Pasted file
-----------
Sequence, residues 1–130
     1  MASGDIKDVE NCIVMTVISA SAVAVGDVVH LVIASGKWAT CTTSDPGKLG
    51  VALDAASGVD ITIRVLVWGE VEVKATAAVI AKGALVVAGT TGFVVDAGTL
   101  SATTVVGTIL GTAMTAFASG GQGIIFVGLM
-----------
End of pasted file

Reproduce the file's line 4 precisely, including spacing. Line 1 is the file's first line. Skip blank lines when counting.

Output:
   101  SATTVVGTIL GTAMTAFASG GQGIIFVGLM